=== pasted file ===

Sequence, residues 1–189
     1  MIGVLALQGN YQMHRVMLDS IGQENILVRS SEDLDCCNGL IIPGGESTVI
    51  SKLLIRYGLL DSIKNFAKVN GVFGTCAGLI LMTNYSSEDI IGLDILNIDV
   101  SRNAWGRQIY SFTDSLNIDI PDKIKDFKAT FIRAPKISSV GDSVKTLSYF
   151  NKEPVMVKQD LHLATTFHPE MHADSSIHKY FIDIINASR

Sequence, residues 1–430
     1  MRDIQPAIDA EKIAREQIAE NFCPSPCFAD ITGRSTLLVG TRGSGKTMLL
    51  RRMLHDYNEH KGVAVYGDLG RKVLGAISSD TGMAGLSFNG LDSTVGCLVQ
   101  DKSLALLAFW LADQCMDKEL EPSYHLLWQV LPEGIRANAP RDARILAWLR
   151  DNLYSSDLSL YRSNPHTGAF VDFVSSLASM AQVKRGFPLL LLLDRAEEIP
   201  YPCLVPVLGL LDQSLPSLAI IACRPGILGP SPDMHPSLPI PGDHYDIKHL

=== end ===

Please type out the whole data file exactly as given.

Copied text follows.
Sequence, residues 1–189
     1  MIGVLALQGN YQMHRVMLDS IGQENILVRS SEDLDCCNGL IIPGGESTVI
    51  SKLLIRYGLL DSIKNFAKVN GVFGTCAGLI LMTNYSSEDI IGLDILNIDV
   101  SRNAWGRQIY SFTDSLNIDI PDKIKDFKAT FIRAPKISSV GDSVKTLSYF
   151  NKEPVMVKQD LHLATTFHPE MHADSSIHKY FIDIINASR

Sequence, residues 1–430
     1  MRDIQPAIDA EKIAREQIAE NFCPSPCFAD ITGRSTLLVG TRGSGKTMLL
    51  RRMLHDYNEH KGVAVYGDLG RKVLGAISSD TGMAGLSFNG LDSTVGCLVQ
   101  DKSLALLAFW LADQCMDKEL EPSYHLLWQV LPEGIRANAP RDARILAWLR
   151  DNLYSSDLSL YRSNPHTGAF VDFVSSLASM AQVKRGFPLL LLLDRAEEIP
   201  YPCLVPVLGL LDQSLPSLAI IACRPGILGP SPDMHPSLPI PGDHYDIKHL